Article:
- Scotland need two wins to reach Russia 2018 play-offs
- Gordon Strachan’s side have taken ten points from their last four qualifiers
- Charlie Mulgrew part of a much-improved, entirely left-footed defence
Between 1974 and 1990, Scotland took their place at five successive FIFA World Cups™. Now, they’re one misstep away from five straight qualifying failures.
With just two Group F games remaining against higher-placed sides, Slovakia (H) and Slovenia (A), the equation facing the Scots is simple: lose or draw either match and they can kiss Russia 2018 goodbye. Only back-to-back wins will keep them in the play-off race.
Yet despite the precarious nature of this position, Gordon Strachan’s squad are in buoyant mood. “To have it in our own hands at this stage, we couldn’t really ask for any more,” defender Charlie Mulgrew told FIFA.com. “We always kept believing within the group that we could put ourselves in this position. But it obviously wasn’t looking great for us at one stage.”
‘Not great’ represents something of an understatement. In their last three qualifiers of 2016, Scotland picked up just a single point, and even that came from scraping a 1-1 draw at home to Lithuania. When morale-sapping 3-0 defeats to both Slovakia and England followed, it seemed the writing was on the wall.
Now, however, the Scots go into these final Group F matches having taken ten points from an available 12 in 2017. It would, indeed, have been a perfect 12 but for Harry Kane’s 93rd-minute equaliser in a stirring 2-2 draw with the English.
— #WCQ (@FIFAWorldCup) 4 September 2017
That Kane strike in June is also the last to have been conceded by Strachan’s side, with three clean sheets in their last four matches evidence of a new-found defensive solidity. Mulgrew has been an ever-present throughout that run, impressing at centre-half, a long-standing problem position for the Scots. But he is keen that credit for those shutouts is shared throughout the side.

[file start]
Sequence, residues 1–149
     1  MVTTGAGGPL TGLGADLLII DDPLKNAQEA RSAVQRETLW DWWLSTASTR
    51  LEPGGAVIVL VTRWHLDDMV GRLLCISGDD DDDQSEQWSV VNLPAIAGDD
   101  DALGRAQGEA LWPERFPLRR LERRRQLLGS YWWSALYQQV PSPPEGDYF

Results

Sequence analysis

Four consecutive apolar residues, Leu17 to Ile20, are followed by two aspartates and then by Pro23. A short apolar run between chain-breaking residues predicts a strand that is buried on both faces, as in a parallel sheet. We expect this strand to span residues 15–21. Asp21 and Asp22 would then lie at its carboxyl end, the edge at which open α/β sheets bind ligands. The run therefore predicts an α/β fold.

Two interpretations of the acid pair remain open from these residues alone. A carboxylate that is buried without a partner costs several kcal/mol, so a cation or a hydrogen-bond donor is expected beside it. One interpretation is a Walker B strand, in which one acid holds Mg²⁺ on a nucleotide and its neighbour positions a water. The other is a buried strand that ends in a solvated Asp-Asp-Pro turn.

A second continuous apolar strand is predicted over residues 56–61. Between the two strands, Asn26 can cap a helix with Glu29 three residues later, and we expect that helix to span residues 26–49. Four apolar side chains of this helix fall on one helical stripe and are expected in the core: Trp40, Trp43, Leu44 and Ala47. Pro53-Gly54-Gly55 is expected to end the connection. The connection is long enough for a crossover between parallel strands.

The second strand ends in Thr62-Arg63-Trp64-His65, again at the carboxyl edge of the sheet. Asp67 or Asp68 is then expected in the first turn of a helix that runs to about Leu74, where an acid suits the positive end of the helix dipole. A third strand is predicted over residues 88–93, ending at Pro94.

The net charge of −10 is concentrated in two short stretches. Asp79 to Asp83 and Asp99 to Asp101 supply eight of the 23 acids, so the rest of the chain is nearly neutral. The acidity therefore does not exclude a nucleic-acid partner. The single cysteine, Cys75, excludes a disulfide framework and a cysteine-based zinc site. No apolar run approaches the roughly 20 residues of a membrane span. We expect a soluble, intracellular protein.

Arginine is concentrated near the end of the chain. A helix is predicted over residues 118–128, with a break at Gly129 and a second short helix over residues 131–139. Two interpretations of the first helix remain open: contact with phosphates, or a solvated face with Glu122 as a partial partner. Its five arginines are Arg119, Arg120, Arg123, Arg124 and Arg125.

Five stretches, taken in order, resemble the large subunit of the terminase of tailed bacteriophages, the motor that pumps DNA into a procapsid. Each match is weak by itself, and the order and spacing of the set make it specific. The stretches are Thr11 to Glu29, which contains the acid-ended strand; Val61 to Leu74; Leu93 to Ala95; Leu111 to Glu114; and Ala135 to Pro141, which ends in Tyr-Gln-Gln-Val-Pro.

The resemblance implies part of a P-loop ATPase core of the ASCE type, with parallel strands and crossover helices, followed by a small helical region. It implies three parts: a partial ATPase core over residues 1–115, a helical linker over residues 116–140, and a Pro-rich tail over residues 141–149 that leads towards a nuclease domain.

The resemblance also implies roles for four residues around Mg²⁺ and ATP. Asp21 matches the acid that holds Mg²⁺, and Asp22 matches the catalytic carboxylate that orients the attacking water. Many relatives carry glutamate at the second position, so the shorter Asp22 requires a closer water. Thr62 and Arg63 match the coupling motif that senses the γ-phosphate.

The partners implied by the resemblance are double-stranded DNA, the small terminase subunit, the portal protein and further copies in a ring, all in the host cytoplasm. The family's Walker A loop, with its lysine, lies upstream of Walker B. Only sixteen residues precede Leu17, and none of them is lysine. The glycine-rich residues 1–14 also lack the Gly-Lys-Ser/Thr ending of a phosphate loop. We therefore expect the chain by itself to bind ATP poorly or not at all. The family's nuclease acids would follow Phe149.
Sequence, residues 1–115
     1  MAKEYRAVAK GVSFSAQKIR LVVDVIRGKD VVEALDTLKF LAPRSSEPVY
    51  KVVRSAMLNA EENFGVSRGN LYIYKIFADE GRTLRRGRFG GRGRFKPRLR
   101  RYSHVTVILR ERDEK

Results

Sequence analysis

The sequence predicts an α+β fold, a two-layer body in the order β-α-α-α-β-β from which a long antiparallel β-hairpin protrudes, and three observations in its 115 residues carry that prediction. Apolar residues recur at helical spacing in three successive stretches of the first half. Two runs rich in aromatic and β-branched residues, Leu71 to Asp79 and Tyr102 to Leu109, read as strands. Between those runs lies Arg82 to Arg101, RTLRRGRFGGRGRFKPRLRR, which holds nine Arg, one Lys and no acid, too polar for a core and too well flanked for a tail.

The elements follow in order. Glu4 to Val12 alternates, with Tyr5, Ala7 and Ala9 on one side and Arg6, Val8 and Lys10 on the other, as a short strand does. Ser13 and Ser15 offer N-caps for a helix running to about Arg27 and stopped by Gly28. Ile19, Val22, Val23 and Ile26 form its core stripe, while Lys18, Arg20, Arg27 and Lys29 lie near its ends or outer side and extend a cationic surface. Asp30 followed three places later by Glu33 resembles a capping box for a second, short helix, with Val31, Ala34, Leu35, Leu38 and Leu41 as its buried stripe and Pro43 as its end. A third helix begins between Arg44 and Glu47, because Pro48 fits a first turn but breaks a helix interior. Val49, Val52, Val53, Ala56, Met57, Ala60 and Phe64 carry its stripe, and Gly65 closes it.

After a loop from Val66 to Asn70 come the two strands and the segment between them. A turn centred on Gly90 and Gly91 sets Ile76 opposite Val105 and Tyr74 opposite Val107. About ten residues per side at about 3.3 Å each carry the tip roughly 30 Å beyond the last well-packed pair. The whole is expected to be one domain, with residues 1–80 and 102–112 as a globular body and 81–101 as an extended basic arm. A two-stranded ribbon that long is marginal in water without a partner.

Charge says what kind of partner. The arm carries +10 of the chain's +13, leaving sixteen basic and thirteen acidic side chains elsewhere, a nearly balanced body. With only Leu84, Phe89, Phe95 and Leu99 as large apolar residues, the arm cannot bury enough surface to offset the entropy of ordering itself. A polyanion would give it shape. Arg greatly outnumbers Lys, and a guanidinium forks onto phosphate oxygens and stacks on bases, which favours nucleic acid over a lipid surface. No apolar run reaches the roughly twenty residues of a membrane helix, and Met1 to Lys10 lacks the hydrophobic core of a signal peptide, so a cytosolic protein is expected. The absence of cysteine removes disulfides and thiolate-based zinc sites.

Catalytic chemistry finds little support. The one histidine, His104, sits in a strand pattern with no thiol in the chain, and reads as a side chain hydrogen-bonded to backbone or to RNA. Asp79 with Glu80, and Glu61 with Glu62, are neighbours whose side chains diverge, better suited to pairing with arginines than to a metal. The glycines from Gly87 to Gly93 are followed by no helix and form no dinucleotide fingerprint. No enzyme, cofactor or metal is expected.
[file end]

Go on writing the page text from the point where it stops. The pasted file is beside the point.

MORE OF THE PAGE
“It’s not just saying it – defending really is a team effort,” he said. “Look at the way we pressed Lithuania away, for example. That meant there was so much less for the guys at the back to do.
“The same goes for attacking. We can’t just leave that to the players ahead of us. When defenders have the ball, we’ve got to be thinking about how best to use it and getting the team moving forward. The manager is big on us being brave on the ball and that means not just booting it into Row Z as soon as you’re under a bit of pressure.”
Distribution and use of the ball have long been among Mulgrew’s strongest assets. Such are his attributes in this respect, in fact, that he has spent large chunks of his career with both club and country playing either in midfield or as a wingback. This has left the Blackburn Rovers star well placed to adapt to the changing demands that modern football places on its central defenders.
“The way the game has developed, playing football from the back is a big part of things and I feel confident doing that,” he said. “It’s a part of the game that I enjoy. You still have managers who’ll want you just to win headers, clear the ball and kick folk, but more and more are seeing how important it is to keep possession and get the ball to the better players’ feet.”
Good things come to those who wait ⌚️ pic.twitter.com/YiTwHNYhls
— #WCQ (@FIFAWorldCup) 26 March 2017
Ball-playing centre-halves may be becoming the norm. The same cannot be said for a defensive unit – back four and goalkeeper – made up entirely of left-footed players. That, however, is just what Scotland have relied on in recent matches.
“I’ve been lucky there; it’s the boys playing right-back and right-centre-half who deserve most of the credit,” he said, referring to Kieran Tierney and Christophe Berra. “It is definitely unusual and I don’t think I’ve ever played in a defence full of lefties before. But if it was all right-footed players no-one would bat an eyelid. And you can see from the results that it’s certainly not a problem.”
Whatever foot they prefer, and whatever their form or previous fortunes with the national team, Scotland’s players all face the same challenge. They must win, and then win again. Do that and they might yet end that long run of World Cup failures and earn their place in national folklore.